13 November 2011:
Mother nature had the final say today, and it only blew 30 knots with occasional gusts. Seb clocked the best speed of the day with 51.36 knots. He was the only contender over 50 knots.
Congratulations to Anders Bringdal (50.72 Vmax) and Taro Niehaus (51.64 knots) for their performance record, and to Seb, Sophie and the rest of the team and sponsors for making this event possible.
Sébastien is confident he can reach 60 knots in kitesurfing, and is making it his goal. Windsurfing speeds currently trail that of kitesurfing, but Sebastian has made it his first priority to create optimal conditions in the canal for the windsurfers to push the limits.
Positive energy is needed to manage this adventure, and an interesting challenge lies ahead for us to discover how best to achieve this. We need to share ideas and opinions with people who have different experience with the sea so we can collaboratively create the ideal run.
The new canal has proved to be more beneficial for windsurfers than for kitesurfers thus far, but some options still remain to improve this for both disciplines.
Although the organizers treated this year as a test for the new canal (which was dug just before the start), the results look very promising and windsurfing legend, Anders Bringdal, managed to reach truly impressive speeds on his first day. He had a 50.72 Vmax, which is a first in windsurfing history.
Kite surfing records and performances will follow – step by step the dream of this Team has been realized over the past 5 years, and the much improved run in the ideal location will usher in a new era in speed sailing and become the perfect platform for international and outright records.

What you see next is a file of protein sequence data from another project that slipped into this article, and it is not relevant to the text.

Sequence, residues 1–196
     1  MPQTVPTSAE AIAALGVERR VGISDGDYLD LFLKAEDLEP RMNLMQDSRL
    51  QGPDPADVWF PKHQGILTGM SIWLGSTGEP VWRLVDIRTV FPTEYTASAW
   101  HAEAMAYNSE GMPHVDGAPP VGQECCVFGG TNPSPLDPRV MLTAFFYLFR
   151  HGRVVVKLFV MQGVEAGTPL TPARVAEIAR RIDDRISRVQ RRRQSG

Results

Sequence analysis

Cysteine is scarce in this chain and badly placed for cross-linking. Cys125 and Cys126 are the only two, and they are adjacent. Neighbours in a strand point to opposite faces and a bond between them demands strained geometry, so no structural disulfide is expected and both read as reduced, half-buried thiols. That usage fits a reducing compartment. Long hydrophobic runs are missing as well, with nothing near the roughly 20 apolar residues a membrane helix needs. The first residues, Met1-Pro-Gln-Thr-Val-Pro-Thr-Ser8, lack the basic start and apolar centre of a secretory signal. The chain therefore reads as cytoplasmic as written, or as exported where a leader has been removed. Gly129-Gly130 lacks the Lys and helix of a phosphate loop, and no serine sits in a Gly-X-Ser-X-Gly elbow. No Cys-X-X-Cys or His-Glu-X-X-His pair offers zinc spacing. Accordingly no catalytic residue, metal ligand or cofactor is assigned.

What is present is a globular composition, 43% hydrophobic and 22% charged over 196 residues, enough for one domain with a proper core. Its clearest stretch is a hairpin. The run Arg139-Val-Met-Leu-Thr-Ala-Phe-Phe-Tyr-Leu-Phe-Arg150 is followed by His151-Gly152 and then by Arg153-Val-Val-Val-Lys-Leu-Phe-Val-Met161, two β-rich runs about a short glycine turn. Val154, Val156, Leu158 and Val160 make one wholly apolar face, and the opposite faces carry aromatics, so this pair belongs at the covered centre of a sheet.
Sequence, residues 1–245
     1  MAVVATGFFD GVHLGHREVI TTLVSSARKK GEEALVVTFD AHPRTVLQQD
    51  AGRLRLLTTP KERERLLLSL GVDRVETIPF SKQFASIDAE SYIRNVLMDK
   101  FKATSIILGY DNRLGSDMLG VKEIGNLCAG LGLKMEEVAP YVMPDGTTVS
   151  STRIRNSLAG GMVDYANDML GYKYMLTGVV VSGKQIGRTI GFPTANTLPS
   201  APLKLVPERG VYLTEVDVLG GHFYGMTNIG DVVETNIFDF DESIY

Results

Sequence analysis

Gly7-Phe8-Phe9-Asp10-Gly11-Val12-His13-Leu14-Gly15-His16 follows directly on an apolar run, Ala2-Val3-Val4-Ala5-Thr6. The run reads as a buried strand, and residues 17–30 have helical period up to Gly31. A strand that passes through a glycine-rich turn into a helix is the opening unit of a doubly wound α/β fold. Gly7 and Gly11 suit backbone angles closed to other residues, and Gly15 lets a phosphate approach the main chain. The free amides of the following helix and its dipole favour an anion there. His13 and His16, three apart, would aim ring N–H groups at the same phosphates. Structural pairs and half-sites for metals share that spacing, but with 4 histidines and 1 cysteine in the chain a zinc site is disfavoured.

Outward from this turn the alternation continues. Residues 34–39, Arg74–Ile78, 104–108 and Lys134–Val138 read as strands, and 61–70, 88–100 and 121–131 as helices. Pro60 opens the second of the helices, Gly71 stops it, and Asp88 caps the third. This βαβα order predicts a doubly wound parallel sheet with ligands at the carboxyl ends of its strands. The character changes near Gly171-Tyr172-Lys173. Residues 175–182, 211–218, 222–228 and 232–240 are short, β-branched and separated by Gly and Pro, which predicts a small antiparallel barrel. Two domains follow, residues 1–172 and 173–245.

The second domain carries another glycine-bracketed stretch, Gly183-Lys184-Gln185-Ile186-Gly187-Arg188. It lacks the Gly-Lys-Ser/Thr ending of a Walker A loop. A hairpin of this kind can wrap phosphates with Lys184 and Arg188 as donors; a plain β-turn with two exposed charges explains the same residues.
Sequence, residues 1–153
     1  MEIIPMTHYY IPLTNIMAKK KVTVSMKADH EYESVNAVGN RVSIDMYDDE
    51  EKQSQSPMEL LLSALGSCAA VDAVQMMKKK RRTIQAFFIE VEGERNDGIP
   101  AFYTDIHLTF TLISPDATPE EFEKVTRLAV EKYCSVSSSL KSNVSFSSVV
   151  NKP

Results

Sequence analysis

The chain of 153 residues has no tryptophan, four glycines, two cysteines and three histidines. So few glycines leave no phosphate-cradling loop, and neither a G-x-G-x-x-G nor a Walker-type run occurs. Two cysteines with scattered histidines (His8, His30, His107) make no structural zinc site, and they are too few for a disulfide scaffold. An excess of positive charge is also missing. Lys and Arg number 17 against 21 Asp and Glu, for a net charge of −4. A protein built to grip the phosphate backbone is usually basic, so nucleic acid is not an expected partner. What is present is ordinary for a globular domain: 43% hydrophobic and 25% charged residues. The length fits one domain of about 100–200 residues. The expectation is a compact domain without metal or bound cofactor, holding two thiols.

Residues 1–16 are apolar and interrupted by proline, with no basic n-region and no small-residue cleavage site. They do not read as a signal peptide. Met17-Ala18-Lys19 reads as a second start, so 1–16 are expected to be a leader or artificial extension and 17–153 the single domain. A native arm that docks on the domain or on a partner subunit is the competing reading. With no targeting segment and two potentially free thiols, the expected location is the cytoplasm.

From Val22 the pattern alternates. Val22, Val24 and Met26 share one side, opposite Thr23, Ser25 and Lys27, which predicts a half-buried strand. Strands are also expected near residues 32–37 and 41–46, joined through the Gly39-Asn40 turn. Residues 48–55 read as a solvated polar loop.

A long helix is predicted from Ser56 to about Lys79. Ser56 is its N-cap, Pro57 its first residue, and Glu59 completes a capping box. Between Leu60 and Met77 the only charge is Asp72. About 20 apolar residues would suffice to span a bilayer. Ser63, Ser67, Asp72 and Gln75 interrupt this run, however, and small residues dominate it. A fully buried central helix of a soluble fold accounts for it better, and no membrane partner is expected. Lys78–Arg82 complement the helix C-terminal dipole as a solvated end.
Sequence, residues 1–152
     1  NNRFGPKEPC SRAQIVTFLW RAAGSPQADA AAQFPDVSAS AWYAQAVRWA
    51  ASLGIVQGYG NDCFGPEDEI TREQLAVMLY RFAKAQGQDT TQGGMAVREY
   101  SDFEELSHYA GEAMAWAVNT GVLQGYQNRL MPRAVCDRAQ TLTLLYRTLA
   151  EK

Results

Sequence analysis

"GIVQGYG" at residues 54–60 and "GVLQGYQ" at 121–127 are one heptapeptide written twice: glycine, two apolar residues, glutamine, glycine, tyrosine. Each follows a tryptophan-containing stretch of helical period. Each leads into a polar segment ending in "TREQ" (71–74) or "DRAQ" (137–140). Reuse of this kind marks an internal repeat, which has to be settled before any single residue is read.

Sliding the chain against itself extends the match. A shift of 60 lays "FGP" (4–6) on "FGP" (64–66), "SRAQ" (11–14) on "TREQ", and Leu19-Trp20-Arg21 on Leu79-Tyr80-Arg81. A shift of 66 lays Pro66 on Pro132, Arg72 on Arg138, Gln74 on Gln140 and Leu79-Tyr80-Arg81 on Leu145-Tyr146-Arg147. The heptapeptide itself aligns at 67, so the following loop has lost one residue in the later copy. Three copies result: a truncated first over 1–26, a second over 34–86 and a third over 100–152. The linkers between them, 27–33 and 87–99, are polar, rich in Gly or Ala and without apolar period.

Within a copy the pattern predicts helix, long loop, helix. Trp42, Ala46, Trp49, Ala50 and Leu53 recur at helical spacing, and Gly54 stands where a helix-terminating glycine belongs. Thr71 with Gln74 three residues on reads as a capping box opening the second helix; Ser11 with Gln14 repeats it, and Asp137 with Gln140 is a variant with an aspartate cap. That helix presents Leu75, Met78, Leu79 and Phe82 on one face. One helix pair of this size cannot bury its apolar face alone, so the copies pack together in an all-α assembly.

Sponsors who choose to be part of this will play a pivotal role in shaping sailing history.
On 28 of October, Sebastien Cattelan was the first person to reach a speed of over 55 knots average over 500m with a Genetrix Hydra 9 meter kite and an Xcelerator board.
Sebastien “Catman” Cattelan, the organizer of Luderitz Speed Challenge and also the first to break the 50 knot barrier, has been working long hours to improve the channel, thereby increasing the average speed over the 500m course. In the previous 2 years, the competitors had to change their angle to the wind three times during the speed run. The first angle was the slowest, creating a gap of 10 knots between the riders’ slowest speed and their fastest at the end of the run. With the new run (see photo) they can hope to diminish this gap by half. The only downside is that it doesn’t leave them with much room to stop… Catman’s solution: simply kiteloop at the end of the run, slowing your speed down and sending you downwind as opposed to turning upwind. This would also leave the end of the run free for the next rider.